Rube Goldberg met with Cupid in an alley,
said “Look, I’ll help your broken arrow get
to where you want it. First off, let’s forget
a mountain’s any different from a valley —
we’ve never heard of obstacles. Next thing,
I’ll need a quiet place to work, some room
where I can’t hear the roaring traffic’s boom.
This attic’s perfect. Job well done. Now bring
me earplugs and a crate of beer, then scram.”
Cupid obeyed and flew back to his cloud
as Goldberg rolled his sleeves up, and a shroud
of secrecy descended…Leeks, a pram,
dining-room tables and a duck were seen
entering the attic on a pulley
while the paparazzi dutifully
cluttered the corridor where they had been.
Days passed—or were they weeks?—time was a blur
in this electric climate of creation,
just say time passed, when hoots of celebration
coming from the attic caused a stir
among the small dogs on the street below.
Goldberg got Cupid on the phone and said
“I’m going to take the top right off your head:
come quickly to my room so I can show
my latest masterpiece to you.” Quaking
with highest hopes and sheer fear, Cupid paced,
put on his darkest sunglasses and raced
into the teeming city, wings aching,
mind afire, and nerves completely raw.
He took the elevator to the ninth floor
where, beaming, Goldberg met him at the door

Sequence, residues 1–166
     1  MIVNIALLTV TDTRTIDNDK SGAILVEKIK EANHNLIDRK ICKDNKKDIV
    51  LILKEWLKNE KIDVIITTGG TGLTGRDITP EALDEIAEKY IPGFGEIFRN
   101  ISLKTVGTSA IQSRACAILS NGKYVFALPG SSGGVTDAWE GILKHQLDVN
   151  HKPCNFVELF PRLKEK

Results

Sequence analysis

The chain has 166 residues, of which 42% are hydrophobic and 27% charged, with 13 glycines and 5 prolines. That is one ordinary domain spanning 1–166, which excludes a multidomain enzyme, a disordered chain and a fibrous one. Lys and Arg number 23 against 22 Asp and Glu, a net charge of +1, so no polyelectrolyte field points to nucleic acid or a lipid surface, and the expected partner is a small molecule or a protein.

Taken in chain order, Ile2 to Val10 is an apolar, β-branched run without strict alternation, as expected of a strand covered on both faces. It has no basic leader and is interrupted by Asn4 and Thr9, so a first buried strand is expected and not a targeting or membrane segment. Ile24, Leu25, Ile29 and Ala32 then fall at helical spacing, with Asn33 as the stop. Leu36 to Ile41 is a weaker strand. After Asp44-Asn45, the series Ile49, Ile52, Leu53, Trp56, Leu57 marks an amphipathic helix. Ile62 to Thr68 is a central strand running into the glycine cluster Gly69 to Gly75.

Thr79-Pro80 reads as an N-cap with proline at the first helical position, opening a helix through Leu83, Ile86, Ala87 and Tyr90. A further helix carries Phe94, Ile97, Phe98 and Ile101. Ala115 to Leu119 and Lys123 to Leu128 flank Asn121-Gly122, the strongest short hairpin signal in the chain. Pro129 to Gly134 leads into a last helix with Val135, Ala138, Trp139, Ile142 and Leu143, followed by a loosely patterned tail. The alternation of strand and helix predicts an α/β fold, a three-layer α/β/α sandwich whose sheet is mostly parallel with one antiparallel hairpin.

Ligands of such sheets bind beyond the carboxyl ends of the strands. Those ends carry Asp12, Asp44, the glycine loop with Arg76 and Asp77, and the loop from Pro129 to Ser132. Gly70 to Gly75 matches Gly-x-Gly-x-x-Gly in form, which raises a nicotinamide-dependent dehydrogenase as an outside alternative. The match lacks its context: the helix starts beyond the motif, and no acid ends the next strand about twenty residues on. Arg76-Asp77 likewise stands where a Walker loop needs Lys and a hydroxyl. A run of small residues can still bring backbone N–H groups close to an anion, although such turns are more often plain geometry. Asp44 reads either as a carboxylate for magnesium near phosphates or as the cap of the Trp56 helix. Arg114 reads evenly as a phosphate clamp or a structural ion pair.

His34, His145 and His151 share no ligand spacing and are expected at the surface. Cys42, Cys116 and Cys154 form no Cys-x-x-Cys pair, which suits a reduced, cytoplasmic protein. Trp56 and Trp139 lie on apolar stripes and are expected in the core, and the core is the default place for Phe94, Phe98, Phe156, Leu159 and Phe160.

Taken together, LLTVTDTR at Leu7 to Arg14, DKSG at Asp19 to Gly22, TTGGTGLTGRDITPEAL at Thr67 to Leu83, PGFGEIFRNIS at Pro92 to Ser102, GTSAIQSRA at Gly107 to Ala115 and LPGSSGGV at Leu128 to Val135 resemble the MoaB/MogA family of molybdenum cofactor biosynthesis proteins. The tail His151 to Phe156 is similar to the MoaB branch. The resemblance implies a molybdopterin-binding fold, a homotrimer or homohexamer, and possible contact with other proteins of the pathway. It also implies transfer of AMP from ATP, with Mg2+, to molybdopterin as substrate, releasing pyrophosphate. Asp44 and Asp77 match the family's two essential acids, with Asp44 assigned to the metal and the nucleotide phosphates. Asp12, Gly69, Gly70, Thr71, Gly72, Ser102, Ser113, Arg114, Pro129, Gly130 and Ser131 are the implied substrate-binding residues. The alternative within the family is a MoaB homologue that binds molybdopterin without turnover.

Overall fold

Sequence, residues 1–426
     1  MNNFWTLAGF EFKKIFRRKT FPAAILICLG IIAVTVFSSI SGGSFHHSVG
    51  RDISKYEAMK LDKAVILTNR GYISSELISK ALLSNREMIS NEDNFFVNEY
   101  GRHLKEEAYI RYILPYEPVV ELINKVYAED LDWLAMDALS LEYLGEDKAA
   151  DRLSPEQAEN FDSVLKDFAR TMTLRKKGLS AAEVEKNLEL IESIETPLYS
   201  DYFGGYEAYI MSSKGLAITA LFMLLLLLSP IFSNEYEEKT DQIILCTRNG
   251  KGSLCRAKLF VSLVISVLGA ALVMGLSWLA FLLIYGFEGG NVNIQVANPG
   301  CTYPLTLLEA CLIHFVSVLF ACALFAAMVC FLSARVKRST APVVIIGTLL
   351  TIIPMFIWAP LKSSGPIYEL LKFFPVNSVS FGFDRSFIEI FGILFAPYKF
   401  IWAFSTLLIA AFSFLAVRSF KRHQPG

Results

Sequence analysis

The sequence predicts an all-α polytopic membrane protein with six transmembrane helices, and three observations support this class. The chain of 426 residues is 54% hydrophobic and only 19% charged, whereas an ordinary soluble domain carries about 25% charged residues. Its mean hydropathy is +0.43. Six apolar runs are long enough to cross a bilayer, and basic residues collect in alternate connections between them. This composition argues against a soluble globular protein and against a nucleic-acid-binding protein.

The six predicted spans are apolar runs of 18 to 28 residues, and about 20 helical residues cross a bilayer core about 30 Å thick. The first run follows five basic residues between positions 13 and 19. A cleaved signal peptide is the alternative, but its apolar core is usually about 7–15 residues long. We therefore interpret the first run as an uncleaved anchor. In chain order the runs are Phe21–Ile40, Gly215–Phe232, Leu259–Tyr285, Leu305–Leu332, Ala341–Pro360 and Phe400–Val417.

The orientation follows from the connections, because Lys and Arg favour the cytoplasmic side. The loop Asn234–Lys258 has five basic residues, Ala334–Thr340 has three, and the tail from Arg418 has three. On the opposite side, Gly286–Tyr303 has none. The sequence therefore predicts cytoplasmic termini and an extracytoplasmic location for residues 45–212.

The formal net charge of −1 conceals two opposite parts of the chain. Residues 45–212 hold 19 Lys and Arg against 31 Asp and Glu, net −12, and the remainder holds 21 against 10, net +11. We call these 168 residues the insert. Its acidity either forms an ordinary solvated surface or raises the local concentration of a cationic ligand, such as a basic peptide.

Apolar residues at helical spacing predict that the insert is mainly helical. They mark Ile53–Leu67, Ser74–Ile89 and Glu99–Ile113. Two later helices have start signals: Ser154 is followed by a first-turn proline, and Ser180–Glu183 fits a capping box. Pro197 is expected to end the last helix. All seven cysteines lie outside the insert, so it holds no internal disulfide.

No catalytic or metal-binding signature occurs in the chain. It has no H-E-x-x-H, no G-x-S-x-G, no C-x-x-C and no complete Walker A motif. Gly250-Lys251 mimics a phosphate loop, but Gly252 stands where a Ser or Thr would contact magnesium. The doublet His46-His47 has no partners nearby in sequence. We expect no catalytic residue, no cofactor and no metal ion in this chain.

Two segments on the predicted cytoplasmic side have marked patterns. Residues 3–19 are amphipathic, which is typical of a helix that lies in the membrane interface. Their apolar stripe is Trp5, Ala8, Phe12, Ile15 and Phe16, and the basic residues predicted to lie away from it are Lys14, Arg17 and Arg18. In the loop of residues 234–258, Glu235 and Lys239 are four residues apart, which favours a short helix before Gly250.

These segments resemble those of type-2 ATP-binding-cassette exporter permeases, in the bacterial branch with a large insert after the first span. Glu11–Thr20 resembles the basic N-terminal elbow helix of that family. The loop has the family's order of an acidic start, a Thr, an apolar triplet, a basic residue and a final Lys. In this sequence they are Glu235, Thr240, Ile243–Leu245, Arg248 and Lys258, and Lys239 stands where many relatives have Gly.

and let him in. And this is what he saw:
metal and feathers rose up in a narrow
shaft that ended in a triangle
part plywood and part leafy vegetable;
Goldberg had made a statue of an arrow.
Cupid knew Goldberg wasn’t serious;
the real contraption waited in the wings!
But when he realized the plain truth of things
he raised his arms and cried out, furious,
“I wanted you to steer a fragile dart
through shark-torn waters and crow-blasted skies
to where my icy-cold beloved lies,
not mock it with this stiff, this ghastly art.”
“But frozen sorrow offers such a thrill,”
Goldberg replied, “to those who caused the pain
that motion’s loss will be persuasion’s gain.
If this doesn’t melt her, nothing will.”
“Oh Goldberg, Goldberg, would that it were true.
I also used to feel deep in my gut
that works of love could cure indifference, but
I’ve given that dream up, and so should you.
I wanted rockets surging from the ground.
I wanted pyrotechnics and not planks.
Your artistry’s beyond pathetic; thanks
for a great big nothing. See you around.”
But Goldberg, not one to be silenced, spent
the next day polishing a marble bow,
and marveled at how Cupid could have so
misunderstood what moving really meant.
Copyright © Persea Books 2010
Used with the permission of The Permissions Company, Inc.
on behalf of Persea Books.